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Sustainable aviation fuel

Supporting industry initiatives

The development of multiple supply sources, such as camelina, is a key element of Airbus’ approach to the future of alternative fuels.

Airbus believes that sustainable aviation fuels should be primarily reserved for the aviation industry, since there currently are not any other viable energy sources foreseen in the coming years. The company’s strategy is based on being the catalyst in the search for sustainable solutions leading to production of commercial quantities of sustainable aviation fuels.

A new industry-wide initiative to speed up aviation sustainable aviation fuel commercialisation in Europe has been launched by Airbus, the European Commission, leading European airlines and key European sustainable aviation fuel producers. This initiative, called the “European Advanced sustainable aviation fuel Flightpath,” is committed to supporting and promoting the production, storage and distribution of sustainably produced drop-in sustainable aviation fuels for aviation use. 

The objective is to reach two million tonnes of production and consumption by 2020, which represents roughly four per cent of the aviation fuel used across the European Union.

Airbus strategy

Sustainable aviation fuel research is a core tenet of Airbus’ initiatives to reduce the environmental impact of air transport, lowering its overall CO2 footprint. 

Airbus’ premise is based on establishing local sustainable solutions in communities around the world, because the company believes that multiple supply source solutions – such as camelina, jatropha, algae, yeast, woodchips and organic waste – can co-exist. 

Once sources are established, the next phase would focus on expediting the use of sustainable aviation fuels commercially, enabling the air transport industry to meet the targets of carbon neutral growth by 2020, and the 75 per cent CO2 reductions established by the Flightpath 2050 vision.

Sustainable aviation fuels roadmap

With an adequate supply of sources such as jatropha, Airbus believes one-third of aviation fuel could come from alternative sources by 2030.

Airbus’ launch of an sustainable aviation fuels roadmap has led to collaborative projects and flights with airline partners, along with the recent approval of 50 per cent blends of biomass to liquid (BTL) and hydroprocessed esters and fatty acids (HEFA) fuels on commercial flights. In one partnership effort, Lufthansa performed daily sustainable aviation fuel flights using a 50 per cent blend of jatropha-based fuel in one engine on an A321. 

Airbus also is working with the European Commission and other stakeholders to develop a European roadmap for the implementation of aviation sustainable aviation fuels in the European Advanced Sustainable aviation fuel Flightpath initiative.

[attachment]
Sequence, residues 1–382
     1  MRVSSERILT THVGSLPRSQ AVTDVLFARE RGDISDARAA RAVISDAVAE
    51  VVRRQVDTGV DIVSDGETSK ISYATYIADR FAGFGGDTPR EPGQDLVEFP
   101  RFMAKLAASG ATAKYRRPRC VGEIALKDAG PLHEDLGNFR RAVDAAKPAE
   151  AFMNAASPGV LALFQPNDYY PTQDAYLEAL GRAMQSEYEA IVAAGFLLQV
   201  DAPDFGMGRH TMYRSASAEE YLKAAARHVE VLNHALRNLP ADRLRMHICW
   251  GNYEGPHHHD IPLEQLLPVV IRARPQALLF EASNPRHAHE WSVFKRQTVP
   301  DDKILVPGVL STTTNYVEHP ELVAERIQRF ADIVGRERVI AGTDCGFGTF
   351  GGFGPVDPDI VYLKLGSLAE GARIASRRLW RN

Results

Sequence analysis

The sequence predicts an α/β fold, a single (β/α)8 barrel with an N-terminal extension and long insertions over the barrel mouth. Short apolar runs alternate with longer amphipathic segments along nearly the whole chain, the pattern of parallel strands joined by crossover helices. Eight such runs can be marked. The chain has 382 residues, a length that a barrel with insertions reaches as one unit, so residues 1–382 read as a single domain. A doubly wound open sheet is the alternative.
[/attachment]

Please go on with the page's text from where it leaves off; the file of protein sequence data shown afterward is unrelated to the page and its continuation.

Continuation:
In Canada, Airbus announced a partnership in 2013 with Air Canada and BioFuelNet Canada to evaluate solutions for production of sustainable sustainable jet fuel in the country. The first assessment from this effort, hosted by Montreal’s McGill University, is expected by the end of 2013.

With adequate supply sources that have the ability to produce commercial quantities of sustainable aviation fuel, and support from governments, Airbus believes that up to a third of aviation fuel could come from alternative sources by 2030.

The Value Chain

Airbus is leading this supply effort through an ambitious global program connecting farmers, refiners and the airlines to form regional sustainable aviation fuel value chains. Researchers in Brazil are working on a sustainable aviation fuel created from the jatropha plant – with 4,000 hectares being grown for production. 

The company also teamed with Virgin Australia Airlines to support the cultivating of eucalyptus in Australia, and Airbus is supporting the development of 2,000 hectares of camelina for aviation fuel in Spain. Additionally, it is endorsing an initiative in Qatar to transform micro-algae into a sustainable source. These local partnerships are designed to help airlines benefit from local knowledge and connections, as well as encourage area farmers with the confidence that crops will be bought by refiners – which in turn have the airlines as customers. 

As airlines fly across continents and have to be able to refuel anywhere, the goal is to establish local value chains on every continent. Programmes already have been established in Latin America, Australia, Europe and the Middle East. Additionally, Airbus has partnered with Chinese airlines, companies, research institutes – including Tsinghua University and the China Petroleum and Chemical Corporation (Sinopec) – to explore fuel sources, develop a value chain, and produce aviation sustainable aviation fuel for use in the country; and is working with RT-Biotekhprom (Rostec Group) of Russia to accelerate the country’s sustainable aviation fuel development and commercialization – under terms of an agreement signed during 2013.

Airbus’ role in the value chain is to lead and manage the sustainability, assessment and lifecycle analysis. The company also will be monitoring any feasibility studies to ensure any solution developed can satisfy the sustainability criteria approved by the Round Table on sustainable aviation fuels, of which Airbus is a member.

Did you know?

"In the last 40 years, the aviation industry has cut fuel burn and CO2 emissions by70%, NOx emissions by 90% and noise by 75%."

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